Okay, here’s another one: What are people protesting about? What is the government doing that’s got the people so pissed off? What’s the conflict there? Or here, I’ll give you an easier one: Who’s the guy we see leading the Benjamin Button kid through the crowd? Did he help him escape the facility? How? Or instead, I’ll tell you what… How did Tetsuo get his powers? We see him crashing his bike right in front of Button’s face, only to have it blow up between them, hurting neither of them… i mean, sure, Button was probably able to protect himself with a force field, but the explosion happened right in front of Tetsuo, who wasn’t even scratched. Was it contact with Button that triggered his change? Is that a normal side effect of interacting with Button? Can he just do that, or was Tetsuo a special case who just happened to have dormant apocalypse inside him? Was it the experiments at the facility that changed him? Is there some piece of equipment they have that gives people apocalypse tumors? Would all of this crap have been avoided if Tetsuo were released with his friends? Or died when his bike blew up?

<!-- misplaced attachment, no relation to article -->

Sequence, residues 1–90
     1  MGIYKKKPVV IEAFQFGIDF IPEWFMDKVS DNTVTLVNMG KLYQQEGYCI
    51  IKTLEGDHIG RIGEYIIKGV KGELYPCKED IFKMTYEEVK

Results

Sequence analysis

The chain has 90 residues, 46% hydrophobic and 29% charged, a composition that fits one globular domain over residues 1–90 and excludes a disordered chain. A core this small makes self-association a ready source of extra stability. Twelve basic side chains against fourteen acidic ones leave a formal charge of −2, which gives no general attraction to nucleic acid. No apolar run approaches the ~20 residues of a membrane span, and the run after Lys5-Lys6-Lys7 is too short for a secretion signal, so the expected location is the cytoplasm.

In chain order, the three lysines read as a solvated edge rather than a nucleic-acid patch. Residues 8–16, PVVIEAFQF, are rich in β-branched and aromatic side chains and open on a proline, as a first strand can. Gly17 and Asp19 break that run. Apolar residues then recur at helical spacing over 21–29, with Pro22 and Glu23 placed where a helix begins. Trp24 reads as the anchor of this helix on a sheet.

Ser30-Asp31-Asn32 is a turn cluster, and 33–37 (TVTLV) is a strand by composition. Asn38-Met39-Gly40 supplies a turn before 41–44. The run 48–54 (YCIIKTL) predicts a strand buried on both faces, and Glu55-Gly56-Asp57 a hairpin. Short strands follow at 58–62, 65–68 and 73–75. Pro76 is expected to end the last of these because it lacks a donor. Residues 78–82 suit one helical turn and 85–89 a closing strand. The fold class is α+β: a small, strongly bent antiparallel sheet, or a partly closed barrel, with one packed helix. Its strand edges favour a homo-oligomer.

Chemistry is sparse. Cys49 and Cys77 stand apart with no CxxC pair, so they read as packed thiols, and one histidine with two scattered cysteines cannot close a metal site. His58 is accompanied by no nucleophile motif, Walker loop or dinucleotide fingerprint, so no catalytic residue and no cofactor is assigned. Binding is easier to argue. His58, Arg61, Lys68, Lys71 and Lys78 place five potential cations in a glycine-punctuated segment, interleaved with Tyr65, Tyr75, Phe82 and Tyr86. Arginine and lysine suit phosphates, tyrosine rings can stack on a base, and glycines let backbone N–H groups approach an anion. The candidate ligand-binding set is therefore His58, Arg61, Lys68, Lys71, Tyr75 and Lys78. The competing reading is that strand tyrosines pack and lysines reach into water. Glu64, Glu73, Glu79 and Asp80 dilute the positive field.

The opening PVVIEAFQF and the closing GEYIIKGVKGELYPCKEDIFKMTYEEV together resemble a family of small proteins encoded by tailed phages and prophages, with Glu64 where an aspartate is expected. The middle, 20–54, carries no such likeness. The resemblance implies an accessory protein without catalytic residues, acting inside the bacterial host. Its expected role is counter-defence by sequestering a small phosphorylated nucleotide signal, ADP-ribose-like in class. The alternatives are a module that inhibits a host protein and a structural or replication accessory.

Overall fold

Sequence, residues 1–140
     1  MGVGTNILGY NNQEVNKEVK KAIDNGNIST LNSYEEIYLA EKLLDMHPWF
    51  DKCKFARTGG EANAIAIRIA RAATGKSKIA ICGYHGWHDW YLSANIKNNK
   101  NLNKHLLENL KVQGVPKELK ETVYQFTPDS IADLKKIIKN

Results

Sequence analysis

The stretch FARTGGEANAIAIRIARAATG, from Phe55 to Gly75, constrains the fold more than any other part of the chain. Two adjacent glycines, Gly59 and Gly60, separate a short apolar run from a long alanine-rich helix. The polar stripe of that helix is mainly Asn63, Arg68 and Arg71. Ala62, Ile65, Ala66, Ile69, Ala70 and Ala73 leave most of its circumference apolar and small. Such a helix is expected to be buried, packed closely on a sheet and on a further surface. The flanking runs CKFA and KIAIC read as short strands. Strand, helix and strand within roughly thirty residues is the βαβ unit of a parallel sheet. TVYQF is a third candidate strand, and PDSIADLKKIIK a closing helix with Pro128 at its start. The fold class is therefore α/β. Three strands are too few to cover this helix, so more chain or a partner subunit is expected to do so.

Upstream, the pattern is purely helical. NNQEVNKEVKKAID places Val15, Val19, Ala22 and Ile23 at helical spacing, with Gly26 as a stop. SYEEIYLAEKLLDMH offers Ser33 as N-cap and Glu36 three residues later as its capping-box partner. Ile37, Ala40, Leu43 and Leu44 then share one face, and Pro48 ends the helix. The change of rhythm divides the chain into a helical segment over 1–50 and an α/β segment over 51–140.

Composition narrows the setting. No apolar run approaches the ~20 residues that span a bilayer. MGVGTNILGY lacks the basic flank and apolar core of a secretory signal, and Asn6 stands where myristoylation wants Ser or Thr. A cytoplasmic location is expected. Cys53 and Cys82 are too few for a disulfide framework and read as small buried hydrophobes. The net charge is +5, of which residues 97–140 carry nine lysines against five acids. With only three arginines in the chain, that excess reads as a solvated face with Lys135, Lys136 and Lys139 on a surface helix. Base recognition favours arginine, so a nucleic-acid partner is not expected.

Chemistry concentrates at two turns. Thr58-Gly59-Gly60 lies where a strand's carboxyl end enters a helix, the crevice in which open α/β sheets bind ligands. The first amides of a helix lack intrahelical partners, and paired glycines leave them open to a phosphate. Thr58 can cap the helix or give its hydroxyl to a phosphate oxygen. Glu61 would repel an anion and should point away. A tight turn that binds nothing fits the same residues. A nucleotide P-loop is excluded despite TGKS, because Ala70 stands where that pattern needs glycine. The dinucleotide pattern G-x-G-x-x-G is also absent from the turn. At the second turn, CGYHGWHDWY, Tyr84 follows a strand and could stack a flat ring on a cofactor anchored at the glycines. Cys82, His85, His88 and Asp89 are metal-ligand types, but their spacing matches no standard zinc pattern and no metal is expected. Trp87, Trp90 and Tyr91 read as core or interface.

I could throw it a bone if it had a cast of memorable characters, but guess what? I have no idea who any of these bastards are! I want to start by bringing up Kaori, because while she may not be one of the main characters, her role in the film is memorable for all the wrong reasons. She’s Tetsuo’s… Sister? girlfriend? Stalker? I have no idea. She’s barely in the movie, gets maybe five minutes of screen time, and her only big scenes are where she gets her face punched in and her top ripped off by a Clown member, and when she’s gruesomely axed off towards the end of the movie. Her only contributions to the film are suffering, dying, and adding two seconds of nudity to the film’s content rating, and it’s all so undeserved that it’s honestly kind of uncomfortable to watch. She had no reason to be in this movie. She’s not the only female character, but Kei is so underwritten that I’ve heard hardcore fans of the movie just refer to her in passing as ‘the female.’ She’s a terrorist, but why? What’s her connection to the government? What are her motivations?